Sunday, January 21, 2018

... and ahead in 2018

As for 2018, here are some things to watch for. 

The Trudeau government’s reaction to the ENVI report



The report of the Committee on Environment and Sustainable Development came down on December 8.  Minister McKenna has 120 days to respond.

The report is a strong one and contains a set of 17 excellent recommendations for government action.  There is no reason the government should not move on all of them.

The National Trust for Canada, which is leading on the file, isn’t idly counting down until April.  It has written a letter to the Minister, to be endorsed by umpteen heritage sector organizations across the country, identifying a number of priorities that can be acted upon quickly and urging that the 2018 federal budget include measures that will encourage investment in the revitalization of historic places (particularly tax-based incentives and grants/contributions).  The letter also requests a meeting with the Minister to discuss and assist.

The government has a once-in-a-generation opportunity here.  Will they take it?


Rollout of changes to the OMB


Every one interested in planning and heritage is watching — and wondering — how this will play out.

Bill 139, which (among other things) converts the Ontario Municipal Board to the Local Planning Appeals Tribunal and makes changes to its scope and powers, received royal assent last month. By my analysis there is less here than meets the eye, but there will be real implications for our planning appeal system, even if these are more than a little unclear at this point.  

While the legislation is a done deal, it’s not yet in force.  The changes come into effect “on a day to be named by proclamation of the Lieutenant Governor.”  Having legislation take effect on proclamation is done to give the government time to put the needed administrative infrastructure in place.  For example, Bill 139 creates a new agency, the Local Planning Appeal Support Centre, which will provide support services (including information on land use planning, guidance on tribunal procedures, and advice or representation) with respect to Planning Act matters under the jurisdiction of the OMB/Local Planning Appeals Tribunal.  This agency will have to be set up.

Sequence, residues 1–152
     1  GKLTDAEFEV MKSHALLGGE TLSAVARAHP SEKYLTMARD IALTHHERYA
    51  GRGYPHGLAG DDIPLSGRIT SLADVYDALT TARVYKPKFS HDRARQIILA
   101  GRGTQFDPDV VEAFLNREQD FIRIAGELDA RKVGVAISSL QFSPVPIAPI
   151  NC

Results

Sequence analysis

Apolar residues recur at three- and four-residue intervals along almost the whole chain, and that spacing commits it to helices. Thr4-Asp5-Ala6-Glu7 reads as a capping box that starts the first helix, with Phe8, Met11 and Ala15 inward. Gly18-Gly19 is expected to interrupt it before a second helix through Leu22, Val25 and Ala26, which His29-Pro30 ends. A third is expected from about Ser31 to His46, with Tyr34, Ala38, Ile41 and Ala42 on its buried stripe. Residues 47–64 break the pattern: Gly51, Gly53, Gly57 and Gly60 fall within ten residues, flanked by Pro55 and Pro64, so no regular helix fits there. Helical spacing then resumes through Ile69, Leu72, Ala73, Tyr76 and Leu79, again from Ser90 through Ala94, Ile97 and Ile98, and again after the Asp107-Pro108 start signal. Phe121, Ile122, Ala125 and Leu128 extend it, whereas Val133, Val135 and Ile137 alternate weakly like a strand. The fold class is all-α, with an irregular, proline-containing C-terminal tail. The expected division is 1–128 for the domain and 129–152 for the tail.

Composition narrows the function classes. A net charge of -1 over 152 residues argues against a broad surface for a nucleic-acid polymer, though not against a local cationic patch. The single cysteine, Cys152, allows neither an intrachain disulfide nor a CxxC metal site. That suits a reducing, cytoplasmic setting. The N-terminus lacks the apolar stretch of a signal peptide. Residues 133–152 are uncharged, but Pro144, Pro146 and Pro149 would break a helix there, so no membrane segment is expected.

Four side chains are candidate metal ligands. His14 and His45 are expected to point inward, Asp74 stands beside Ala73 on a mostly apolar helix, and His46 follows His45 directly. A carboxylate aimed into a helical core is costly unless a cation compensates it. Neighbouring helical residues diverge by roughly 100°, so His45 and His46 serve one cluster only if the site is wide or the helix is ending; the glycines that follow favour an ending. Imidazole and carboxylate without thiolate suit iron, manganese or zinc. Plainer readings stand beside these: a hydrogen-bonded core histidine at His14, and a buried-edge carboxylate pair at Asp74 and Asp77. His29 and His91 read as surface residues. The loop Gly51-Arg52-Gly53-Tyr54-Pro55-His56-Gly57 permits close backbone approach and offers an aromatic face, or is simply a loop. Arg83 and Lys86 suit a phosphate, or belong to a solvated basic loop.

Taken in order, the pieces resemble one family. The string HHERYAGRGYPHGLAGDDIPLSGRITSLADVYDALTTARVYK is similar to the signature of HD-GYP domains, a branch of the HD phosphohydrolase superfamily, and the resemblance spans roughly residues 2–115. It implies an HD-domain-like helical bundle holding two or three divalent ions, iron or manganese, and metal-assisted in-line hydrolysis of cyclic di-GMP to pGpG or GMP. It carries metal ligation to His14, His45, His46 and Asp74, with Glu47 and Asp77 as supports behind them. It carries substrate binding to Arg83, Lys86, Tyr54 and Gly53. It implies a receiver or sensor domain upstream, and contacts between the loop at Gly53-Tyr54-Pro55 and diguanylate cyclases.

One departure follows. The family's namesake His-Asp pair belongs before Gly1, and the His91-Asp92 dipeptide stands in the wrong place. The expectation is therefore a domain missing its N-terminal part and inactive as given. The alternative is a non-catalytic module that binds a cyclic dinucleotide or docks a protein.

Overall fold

Apparently there has been a great surge in planning applications by those anxious to get in under the wire and have their applications considered under the current system. The government has set rules for the transition. [1]

The new system is supposed to be in place by the spring.  Given the transition rules it is unlikely the first appeals will be heard by the LPAT until late in the year.  So we won’t get a sense how this is really working until 2019. 


Heritage as an issue in provincial and municipal elections












The question is really whether heritage will — or won’t — be an issue in the 2018 elections at the provincial and local levels.  The answer may depend on people like you.

What questions would you put to the candidates?



Also on my radar for 2018 will be:
  • the results of the efforts, led by Mohawk College instructor and old windows champion Shannon Kyles, to get the province to change its energy conservation incentive programs to include the restoration of existing window and doors,
  • the Ministry of Tourism, Culture and Sport’s long-awaited new guide to heritage resources in the land use planning process, and
  • new appointments to the Conservation Review Board.

Shannon Kyles, drill in hand



Note 1: The rules are:

  • appeals that are already before the OMB as of the date of Royal Assent (December 12) would be subject to the existing rules and would be heard by the Ontario Municipal Board 
  • appeals made after the new rules are proclaimed into force (date unknown at this point — likely April) would be subject to the new rules and heard by the new Local Planning Appeal Tribunal 
  • appeals of matters between the date of Royal Assent and the date that the new rules are proclaimed: 
    • would be heard by the Ontario Municipal Board if the planning matter began (e.g. the complete application was received) before the date of Royal Assent; and 
    • would be heard by the Local Planning Appeal Tribunal if the planning matter began after the date of Royal Assent.